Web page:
Rhys Lewis has been gaining support from tastemakers throughout the year. His sensitive songwriting and nostalgic tones have many tipping him for huge things following well received sets at the likes of Great Escape, Bushstock, Neighbourhood festival and more. We caught up with him ahead of his first headline European show in Utretch to chat new music, the digital revolution and the importance of mental health.


So this is your first time touring in Europe, how has it been so far?

First show last night, really fun. I get more nervous when it’s headline shows, I think having the band behind me helps, whereas going out on the road solo there’s nowhere to hide. First time on the tour bus too, there’s good and bad things but on the whole it’s been really fun.

Does it feel good to be challenging yourself on different turf?

It feels easier in some respects because maybe in London and certainly in the UK it’s so saturated, there are so many people doing it and it’s so competitive. Not to say there isn’t in other places in Europe but when you come aboard, you feel like a UK artist doing your thing in another country. It suddenly puts you in another lane which is nice, I think the audience perceive you slightly differently when you’re coming from a different place.

Have you had any tour disasters as of yet?

I dropped my phone down the back of a seat on the bus and it went basically into a little box that the seats are on. I don’t think anything has ever come out of there. For a whole day I didn’t have a phone and eventually we broke in and it was covered in hair and chewing gum, it was disgusting.

Other than that it’s been pretty good, I’ve lost at FIFA quite a lot. I thought I’d be really good but nobody is being nice to me, it’s pretty disastrous. Surely I can be like “I’m the artist, you should let me win.”

Your latest single 'Be Your Man' has been going down a treat. Can you give us some context and background to the track?

I wrote that song when I was seeing someone who had just got out of a relationship and she was comparing me to what she had, looking for a carbon copy replacement. Even though I was very much into her, it felt at odds with what she wanted and fizzled. I felt as though I was living in somebody’s shadow.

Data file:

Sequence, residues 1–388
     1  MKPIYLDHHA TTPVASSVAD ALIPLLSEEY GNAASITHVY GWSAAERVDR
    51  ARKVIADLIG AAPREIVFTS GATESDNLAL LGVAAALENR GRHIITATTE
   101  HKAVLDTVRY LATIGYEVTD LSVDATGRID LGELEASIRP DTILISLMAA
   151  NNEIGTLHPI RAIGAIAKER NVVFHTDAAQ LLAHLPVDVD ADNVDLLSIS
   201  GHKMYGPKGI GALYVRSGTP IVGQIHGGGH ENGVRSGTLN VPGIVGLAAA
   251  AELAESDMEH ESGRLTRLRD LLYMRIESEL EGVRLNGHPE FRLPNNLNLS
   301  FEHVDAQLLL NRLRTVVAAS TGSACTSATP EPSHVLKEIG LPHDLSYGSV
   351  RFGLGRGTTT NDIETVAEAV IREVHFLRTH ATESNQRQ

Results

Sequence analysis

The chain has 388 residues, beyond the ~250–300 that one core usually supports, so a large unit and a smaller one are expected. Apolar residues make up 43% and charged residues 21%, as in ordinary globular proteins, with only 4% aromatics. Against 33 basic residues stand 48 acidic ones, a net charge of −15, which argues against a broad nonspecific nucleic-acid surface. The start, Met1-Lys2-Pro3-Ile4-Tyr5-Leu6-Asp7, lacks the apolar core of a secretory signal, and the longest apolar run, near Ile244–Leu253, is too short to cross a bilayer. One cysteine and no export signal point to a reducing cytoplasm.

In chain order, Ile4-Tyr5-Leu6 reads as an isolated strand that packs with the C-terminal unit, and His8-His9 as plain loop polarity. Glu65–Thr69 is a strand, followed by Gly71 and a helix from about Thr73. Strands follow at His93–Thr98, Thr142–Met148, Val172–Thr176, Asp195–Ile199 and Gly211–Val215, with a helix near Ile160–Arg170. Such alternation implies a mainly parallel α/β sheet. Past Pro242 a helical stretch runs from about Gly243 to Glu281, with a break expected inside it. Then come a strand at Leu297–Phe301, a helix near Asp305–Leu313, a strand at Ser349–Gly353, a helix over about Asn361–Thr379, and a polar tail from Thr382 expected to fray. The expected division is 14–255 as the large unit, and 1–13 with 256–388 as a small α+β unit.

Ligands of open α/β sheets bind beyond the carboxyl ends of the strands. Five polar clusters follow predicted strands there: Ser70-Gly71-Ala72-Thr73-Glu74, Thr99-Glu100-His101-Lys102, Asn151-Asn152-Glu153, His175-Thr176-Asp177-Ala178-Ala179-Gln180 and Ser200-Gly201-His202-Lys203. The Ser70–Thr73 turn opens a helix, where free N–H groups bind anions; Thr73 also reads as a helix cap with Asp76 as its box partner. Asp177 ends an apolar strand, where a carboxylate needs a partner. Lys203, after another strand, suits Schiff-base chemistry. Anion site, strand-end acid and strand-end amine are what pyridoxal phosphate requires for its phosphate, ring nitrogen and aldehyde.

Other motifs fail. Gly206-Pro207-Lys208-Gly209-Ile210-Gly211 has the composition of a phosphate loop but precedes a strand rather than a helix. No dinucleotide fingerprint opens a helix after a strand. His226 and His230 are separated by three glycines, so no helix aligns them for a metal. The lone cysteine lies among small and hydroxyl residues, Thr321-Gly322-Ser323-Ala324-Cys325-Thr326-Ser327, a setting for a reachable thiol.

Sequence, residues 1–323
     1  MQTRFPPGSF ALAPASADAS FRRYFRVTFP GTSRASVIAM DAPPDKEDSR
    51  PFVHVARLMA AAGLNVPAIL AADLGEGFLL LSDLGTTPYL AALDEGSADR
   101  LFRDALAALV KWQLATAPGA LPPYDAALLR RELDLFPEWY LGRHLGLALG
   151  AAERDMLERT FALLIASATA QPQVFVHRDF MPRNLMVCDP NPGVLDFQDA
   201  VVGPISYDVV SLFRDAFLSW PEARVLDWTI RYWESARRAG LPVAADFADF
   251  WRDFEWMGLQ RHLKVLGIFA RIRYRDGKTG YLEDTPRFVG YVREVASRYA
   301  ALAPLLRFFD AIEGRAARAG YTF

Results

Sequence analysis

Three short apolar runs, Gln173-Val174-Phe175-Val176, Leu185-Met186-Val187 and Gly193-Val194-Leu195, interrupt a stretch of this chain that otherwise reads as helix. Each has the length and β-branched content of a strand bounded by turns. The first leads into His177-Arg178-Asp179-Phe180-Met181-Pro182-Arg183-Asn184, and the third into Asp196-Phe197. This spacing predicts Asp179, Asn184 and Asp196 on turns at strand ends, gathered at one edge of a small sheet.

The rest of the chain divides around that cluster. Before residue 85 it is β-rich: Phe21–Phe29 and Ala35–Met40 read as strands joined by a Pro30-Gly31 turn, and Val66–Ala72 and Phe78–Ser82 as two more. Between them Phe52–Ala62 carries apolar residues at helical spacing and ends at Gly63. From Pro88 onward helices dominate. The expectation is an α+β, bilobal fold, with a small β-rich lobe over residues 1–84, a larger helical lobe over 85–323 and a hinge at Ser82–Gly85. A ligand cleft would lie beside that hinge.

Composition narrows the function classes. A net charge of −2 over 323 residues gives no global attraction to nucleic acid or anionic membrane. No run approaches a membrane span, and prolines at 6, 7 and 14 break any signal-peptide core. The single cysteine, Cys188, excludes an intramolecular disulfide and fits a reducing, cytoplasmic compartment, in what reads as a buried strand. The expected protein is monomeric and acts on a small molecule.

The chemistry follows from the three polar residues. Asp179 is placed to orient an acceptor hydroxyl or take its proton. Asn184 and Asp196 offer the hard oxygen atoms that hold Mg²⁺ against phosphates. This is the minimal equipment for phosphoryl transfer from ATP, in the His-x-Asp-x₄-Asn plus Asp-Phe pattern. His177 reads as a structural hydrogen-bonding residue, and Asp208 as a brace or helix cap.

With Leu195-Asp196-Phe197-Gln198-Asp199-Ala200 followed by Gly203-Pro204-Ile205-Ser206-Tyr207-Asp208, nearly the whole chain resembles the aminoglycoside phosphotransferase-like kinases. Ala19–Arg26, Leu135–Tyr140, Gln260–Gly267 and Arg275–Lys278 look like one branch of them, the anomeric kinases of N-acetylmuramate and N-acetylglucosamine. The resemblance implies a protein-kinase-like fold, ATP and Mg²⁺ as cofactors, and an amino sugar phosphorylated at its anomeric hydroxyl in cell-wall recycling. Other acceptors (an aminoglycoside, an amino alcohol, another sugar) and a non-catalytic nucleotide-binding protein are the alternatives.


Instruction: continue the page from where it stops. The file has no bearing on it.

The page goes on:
The reaction has been fantastic as I was really nervous about putting it out as it’s one of the most stripped back and raw songs. It’s nice to know it’s had that emotional connection and people are still listening to it.

And can we talk a little more about your songwriting style in general, do you find it easier writing within a moment or do you tend to reflect on events and emotions?

I’ve started to write more in the moment, but I have definitely written more on reflection this past year. I tend to lean towards more melancholic subjects, heartbreak and hard times in life. If you’re writing every day, you’re not necessarily experiencing that hardship every single day so you have to go back to moments where you felt vulnerable, or alone. I also find it easier to process something when I write a song about it, it’s almost like my closure.

We are currently in The Netherland so as an emerging artist, do you think that's it's easier to have a global foot print these days with digital platforms such as Spotify etc?

Absolutely. It’s crazy to think of the scope Spotify can bring. Anyone in the world can listen to your music at any time and they are discovering it through things such as playlists and New Music Fridays etc. It’s amazing to look and who’s listening and where, so you can now plan a tour based on your listenership which makes complete sense.

Are you playing the same setlist on this tour as your UK shows or are you switching it up?

I’m trying some new songs. It’s always good to add things I’ve never played before as it keeps you on your toes as when you get used to playing certain tracks, you can switch out of your performance.

Is this a good space to test out new tracks with potentially less pressure than say one of your London headlines?

The biggest shows for now are still going to be in London and doing this leading up to the UK tour is a good way of breaking in some of the new material while trying certain things out. Plus, you get to know songs so well when playing live, it’s such a different setting to the studio. Some things don’t translate from the studio so you have to adapt and translate them for the stage, learn the dynamics.

How has your songwriting changed and evolved from your early demos and tracks?

That’s a really good question. In terms of process I used to slave away at one song for a week, and because I’d taken so long to write it I was very precious about it. Maybe I held on to it too much and wanted it to be better than it maybe was, so I wouldn’t value it for how good the song was I would value you it for the time I spent on it. Sometimes it’s not about the time spent, it’s about if it connects.